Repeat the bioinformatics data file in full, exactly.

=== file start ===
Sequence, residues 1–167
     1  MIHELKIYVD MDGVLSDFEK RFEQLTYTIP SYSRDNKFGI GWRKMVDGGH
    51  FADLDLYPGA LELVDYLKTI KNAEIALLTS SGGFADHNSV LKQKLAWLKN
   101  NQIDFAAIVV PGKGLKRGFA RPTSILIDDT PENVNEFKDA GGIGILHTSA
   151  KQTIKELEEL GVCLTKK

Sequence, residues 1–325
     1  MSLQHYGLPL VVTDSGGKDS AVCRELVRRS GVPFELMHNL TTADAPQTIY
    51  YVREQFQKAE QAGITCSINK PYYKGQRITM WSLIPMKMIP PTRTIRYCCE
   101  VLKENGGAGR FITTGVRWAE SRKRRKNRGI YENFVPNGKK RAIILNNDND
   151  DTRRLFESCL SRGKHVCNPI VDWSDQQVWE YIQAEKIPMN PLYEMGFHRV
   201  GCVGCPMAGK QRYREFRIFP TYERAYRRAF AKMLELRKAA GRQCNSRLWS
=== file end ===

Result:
Sequence, residues 1–167
     1  MIHELKIYVD MDGVLSDFEK RFEQLTYTIP SYSRDNKFGI GWRKMVDGGH
    51  FADLDLYPGA LELVDYLKTI KNAEIALLTS SGGFADHNSV LKQKLAWLKN
   101  NQIDFAAIVV PGKGLKRGFA RPTSILIDDT PENVNEFKDA GGIGILHTSA
   151  KQTIKELEEL GVCLTKK

Sequence, residues 1–325
     1  MSLQHYGLPL VVTDSGGKDS AVCRELVRRS GVPFELMHNL TTADAPQTIY
    51  YVREQFQKAE QAGITCSINK PYYKGQRITM WSLIPMKMIP PTRTIRYCCE
   101  VLKENGGAGR FITTGVRWAE SRKRRKNRGI YENFVPNGKK RAIILNNDND
   151  DTRRLFESCL SRGKHVCNPI VDWSDQQVWE YIQAEKIPMN PLYEMGFHRV
   201  GCVGCPMAGK QRYREFRIFP TYERAYRRAF AKMLELRKAA GRQCNSRLWS